9 Tips for Making a Mid-Career Change

Back in the day, when Richard Nixon was president and Baby Boomers were just venturing out into the world, recent graduates had one professional ambition — to land the job that would sustain them for fifty years, ultimately ensuring a comfortable retirement of matinees films and discount cruises.

Of course, that was a long time ago, a time when the virtues of job security and upward mobility were perceived as one and the same.

Things are quite different today. The economy is quite different today. And in the aftermath of the Great Recession, the only thing that job security and upward mobility have in common is that they’re both really hard to come by.

College graduates enter the job market with an inescapable sense of their own professional mortality. If Boomers defined a good job as one that you did for life, today’s young employees are often painfully aware of their own inevitable expiration point, be it by voluntary departure or professional execution.

But there is a certain kind of freedom in this, the kind that suggests no job or career will ever be your prison. If your Baby Boomer parents failed to take opportunities for fear of the risk it implied, you live in a job market where the biggest risk is failing to be prepared for the possibility of either sudden or eventual change. Today, job hopping is a cultural reality, a means to survival, and perhaps even a path to far greater upward mobility than the traditional job-for-life system ever was. Of course, it could also be a path to economic ruin if you do it wrong so proceed with caution.

With that said, if you are staring down forty (or looking at it in the rearview mirror) and anticipating a major change in your career, you are far from alone. Many of your peers feel it to.

If this describes your situation, we’ve got a few tips to help you navigate. Just watch your step because we’re about to drop some knowledge.

1. Age Gracefully

I’m not saying you can’t get a job just because you have a few gray hairs or a car with a tape deck. I’m saying, if you don’t want to feel old and irrelevant on the job market, then don’t be old and irrelevant. Recognize the skills that you have, that you’ve sharpened into finely tuned instruments over the years, that you’ve used to achieve the successes listed on your résumé.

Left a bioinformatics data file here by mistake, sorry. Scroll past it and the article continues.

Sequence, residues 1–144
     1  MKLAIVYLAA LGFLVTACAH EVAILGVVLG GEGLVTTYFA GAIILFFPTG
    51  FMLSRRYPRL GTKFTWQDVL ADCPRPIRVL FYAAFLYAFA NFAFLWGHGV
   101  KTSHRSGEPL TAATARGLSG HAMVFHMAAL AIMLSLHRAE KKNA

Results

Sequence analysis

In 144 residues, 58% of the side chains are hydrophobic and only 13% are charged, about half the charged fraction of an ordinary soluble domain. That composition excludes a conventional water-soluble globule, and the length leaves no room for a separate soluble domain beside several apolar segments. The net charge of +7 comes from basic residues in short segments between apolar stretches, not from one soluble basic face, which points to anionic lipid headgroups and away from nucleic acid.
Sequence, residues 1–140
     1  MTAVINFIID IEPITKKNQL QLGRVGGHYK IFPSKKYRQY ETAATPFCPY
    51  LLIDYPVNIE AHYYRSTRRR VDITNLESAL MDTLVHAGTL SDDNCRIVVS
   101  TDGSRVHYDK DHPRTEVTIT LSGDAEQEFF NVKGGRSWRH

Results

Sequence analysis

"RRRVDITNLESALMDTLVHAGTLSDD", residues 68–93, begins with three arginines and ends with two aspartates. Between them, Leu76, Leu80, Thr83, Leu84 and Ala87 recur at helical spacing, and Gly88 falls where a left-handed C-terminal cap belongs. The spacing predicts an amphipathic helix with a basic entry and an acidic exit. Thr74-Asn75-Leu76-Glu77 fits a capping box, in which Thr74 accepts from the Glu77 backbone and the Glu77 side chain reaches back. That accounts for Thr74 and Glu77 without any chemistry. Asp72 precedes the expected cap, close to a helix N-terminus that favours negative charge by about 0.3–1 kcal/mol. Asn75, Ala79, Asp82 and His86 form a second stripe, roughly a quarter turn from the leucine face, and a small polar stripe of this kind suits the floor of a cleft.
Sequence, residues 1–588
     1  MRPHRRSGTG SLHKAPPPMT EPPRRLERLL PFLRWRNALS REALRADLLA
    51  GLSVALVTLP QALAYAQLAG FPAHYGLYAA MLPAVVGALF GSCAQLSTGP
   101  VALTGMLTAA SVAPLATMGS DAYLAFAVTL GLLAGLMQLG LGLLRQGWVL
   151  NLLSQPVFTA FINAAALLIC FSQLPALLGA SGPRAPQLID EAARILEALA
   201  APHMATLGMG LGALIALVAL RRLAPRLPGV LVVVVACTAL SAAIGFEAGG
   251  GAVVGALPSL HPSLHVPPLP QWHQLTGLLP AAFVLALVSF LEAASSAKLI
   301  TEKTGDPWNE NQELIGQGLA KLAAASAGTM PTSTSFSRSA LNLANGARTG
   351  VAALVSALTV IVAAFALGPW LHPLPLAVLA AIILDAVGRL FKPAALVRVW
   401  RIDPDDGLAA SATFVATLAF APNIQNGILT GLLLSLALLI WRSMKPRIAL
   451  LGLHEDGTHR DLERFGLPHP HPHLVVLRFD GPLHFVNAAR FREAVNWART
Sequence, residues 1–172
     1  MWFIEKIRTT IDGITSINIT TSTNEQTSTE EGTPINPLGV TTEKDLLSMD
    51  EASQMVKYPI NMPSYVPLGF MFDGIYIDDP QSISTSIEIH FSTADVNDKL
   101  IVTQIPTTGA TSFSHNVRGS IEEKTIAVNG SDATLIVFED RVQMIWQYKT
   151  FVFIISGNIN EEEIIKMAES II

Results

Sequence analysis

According to Business News Daily, “One of the most underrated but valued skills in any industry are soft skills. These developed skills are something that you can, perhaps, thank your past career for. Soft skills encompass everything from solid leadership qualities, adaptability, good work ethic and team-player attributes.”

Even if your knowledge of current spreadsheet software is a bit outdated, these soft skills never get old. Your organizational experience may even give you an edge on younger candidates if you wield it with confidence. Even if you are shifting gears, you bring this experience with you and it has tremendous value, the kind that can only be gained on the job.

Don’t let your age prevent you from seeing your true value. Approach new challenges with the confidence of the seasoned pro you know you are.

2. Fork Your Own Road

Taking a fork in the road doesn’t necessary have to be a reaction to a negative trajectory in your career, nor must you be deeply discontented to consider something new. In fact, you’ll probably fare better out there if that’s not the case. One of the best reasons to seek a career change is the prospect of experiencing something new, as opposed to the imperative of escaping something old.

Forbes advises that you are best served by leaving your current gig while still at the top of your game. You’ll be brimming with the self-confidence and optimism that makes employers, partners, or investors want to work with you.

If you have ambitions and passions that lay beyond the walls of your current job, but you aren’t prepared to make a move, ask yourself whether you’re satisfied or just complacent. Forbes advises: “Many people stay in a career comfort zone simply because it feels comfortable. You know the role, the people, the business. The pay is good, promotion comes along regularly – it’s all so easy. But are the rewards on offer really the ones you want?”

Granted, Forbes is speaking to the affluent set of business persons most likely to make up its readership. But there is wisdom buried beneath its elitist tone. Namely, it introduces the idea that you are in the very best position to make a change when things are going your way.